Best Buddies club goes to Prom


Erika Anstine

Sitting on hay stacks, the Best Buddies club poses for a picture at Match of the Patch.

The Best Buddies club is ending the semester on a festive note by taking students with intellectual and developmental disabilities (IDD) to Prom.

“[Best Buddies club] really focuses on making kids with IDD feel like they are part of the community,” sophomore Erika Anstine said. “We don’t want them to be isolated, and we want to make sure they’re part of everything we do here in the school–including Prom.”

Because Prom is a part of the high school experience, Best Buddies club members want to make sure every student is able to enjoy the night.

“Prom is this huge high school thing, so if we can get as many people as possible to be able to have fun, go out, get dressed up and just have a good time, [then] that’s great,” sophomore Kristin Priest said.

Anstine helped to organize the group of six students going to Prom.

“I am taking Tyler Hannegan, a senior at our school. I set up a whole group, and we have a few other kids here who are a part of Best Buddies that are going. I’m really excited go dance and have fun with my friends,” Anstine said.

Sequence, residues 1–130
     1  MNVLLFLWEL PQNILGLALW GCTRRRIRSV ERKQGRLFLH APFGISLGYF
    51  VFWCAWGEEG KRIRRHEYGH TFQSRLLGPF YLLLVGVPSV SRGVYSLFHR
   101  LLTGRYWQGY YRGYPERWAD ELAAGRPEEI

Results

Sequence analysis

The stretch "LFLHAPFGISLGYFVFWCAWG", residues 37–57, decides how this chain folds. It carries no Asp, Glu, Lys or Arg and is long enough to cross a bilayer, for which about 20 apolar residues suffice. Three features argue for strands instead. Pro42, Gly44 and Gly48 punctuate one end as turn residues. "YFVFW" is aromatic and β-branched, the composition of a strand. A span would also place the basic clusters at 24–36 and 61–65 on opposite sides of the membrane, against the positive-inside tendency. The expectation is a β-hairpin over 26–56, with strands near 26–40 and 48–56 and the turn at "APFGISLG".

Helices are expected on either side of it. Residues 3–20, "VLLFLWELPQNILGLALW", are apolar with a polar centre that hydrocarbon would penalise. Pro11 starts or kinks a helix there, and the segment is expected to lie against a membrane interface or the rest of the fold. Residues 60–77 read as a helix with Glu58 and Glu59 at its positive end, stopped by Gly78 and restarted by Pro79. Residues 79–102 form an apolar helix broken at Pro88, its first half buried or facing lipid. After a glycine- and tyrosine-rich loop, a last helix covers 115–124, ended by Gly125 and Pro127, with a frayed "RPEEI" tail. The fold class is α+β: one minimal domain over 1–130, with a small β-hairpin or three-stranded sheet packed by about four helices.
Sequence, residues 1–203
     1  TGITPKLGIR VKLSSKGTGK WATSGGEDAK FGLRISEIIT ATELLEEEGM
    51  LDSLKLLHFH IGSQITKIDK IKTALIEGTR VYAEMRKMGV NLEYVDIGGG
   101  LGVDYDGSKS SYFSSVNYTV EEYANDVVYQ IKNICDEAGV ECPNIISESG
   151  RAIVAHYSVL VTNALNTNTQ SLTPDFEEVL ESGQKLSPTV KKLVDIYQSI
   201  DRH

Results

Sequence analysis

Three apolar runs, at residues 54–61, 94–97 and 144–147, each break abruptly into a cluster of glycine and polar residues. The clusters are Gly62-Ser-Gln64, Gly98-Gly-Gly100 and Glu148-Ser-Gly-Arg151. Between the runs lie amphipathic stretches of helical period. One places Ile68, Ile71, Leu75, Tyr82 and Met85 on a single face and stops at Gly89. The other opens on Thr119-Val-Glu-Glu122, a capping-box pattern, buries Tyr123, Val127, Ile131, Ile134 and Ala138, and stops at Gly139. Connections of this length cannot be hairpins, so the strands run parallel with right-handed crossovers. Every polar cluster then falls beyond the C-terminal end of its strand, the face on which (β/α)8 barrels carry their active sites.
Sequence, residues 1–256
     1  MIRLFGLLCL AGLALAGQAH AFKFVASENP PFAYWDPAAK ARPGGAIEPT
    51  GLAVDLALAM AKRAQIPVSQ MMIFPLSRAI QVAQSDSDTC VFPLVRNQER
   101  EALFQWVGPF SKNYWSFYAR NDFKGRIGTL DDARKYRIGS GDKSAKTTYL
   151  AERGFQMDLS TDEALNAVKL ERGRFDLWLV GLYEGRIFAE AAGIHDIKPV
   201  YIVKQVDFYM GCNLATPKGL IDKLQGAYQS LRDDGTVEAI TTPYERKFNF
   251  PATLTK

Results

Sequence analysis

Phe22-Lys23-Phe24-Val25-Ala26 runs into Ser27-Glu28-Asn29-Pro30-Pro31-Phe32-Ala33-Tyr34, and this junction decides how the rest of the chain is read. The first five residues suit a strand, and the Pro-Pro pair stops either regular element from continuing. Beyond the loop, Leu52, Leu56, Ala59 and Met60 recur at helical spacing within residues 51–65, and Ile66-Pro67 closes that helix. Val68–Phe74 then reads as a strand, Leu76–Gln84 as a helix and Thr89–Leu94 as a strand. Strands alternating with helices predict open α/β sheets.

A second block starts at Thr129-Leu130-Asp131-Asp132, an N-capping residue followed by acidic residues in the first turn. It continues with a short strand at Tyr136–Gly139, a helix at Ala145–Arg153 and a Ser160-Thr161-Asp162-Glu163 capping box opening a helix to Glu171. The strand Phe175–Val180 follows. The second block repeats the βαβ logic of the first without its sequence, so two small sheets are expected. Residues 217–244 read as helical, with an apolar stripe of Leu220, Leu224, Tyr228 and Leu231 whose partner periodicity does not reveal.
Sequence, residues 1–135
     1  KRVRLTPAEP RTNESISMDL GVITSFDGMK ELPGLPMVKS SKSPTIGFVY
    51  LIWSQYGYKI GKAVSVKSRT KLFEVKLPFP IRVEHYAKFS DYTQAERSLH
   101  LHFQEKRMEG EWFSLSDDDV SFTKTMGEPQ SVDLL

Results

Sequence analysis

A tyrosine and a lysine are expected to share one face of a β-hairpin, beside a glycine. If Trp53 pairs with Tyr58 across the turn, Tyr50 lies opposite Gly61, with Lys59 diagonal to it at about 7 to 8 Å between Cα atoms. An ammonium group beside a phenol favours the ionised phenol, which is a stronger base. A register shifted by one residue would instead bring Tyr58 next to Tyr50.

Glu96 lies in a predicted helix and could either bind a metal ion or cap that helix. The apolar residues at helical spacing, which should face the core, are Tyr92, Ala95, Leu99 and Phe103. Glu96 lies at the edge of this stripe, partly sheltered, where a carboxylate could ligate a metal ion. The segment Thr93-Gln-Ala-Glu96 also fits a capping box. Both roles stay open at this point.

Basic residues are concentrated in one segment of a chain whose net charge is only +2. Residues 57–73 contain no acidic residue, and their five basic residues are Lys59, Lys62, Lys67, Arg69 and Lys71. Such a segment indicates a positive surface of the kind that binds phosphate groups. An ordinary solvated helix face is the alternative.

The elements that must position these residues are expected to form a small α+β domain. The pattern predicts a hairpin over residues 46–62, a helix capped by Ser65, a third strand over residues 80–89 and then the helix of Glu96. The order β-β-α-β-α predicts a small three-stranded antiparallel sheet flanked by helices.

Among the group Anstine organized is sophomore Miqueyla Lopez, who is also a part of the club.

“We have our own table and plan on doing all the festive Prom stuff like taking pictures and going to dinner,” Lopez said.

By participating in the club and attending Prom with students with IDD, Lopez hopes to positively impact the school community.  

“I want the school to realize how capable and great these students are,” Lopez said. “They are truly just like everyone else, and it is just a complete and utter joy being around and hanging out with them.”  

Just because you have a disability doesn’t mean you shouldn’t have the opportunity to go to things like Prom”

— Erika Anstine

However, the relationships between Best Buddies members and students with IDD were formed earlier this school year through different events.

“At the very beginning of the year, we had a match party, where everybody met their buddy. We went to the pumpkin patch, so it was called Match of the Patch. It was really cute,” Priest said.

Best Buddies club members are simply trying to break down the barrier between neurotypical students and students with IDD.

“Nobody should be treated differently, nobody should be isolated or feel alone.  Just because you have a disability doesn’t mean you shouldn’t have the opportunity to go to things like Prom,” Anstine said. “It’s important to me that everyone gets that opportunity, especially kids with IDD.”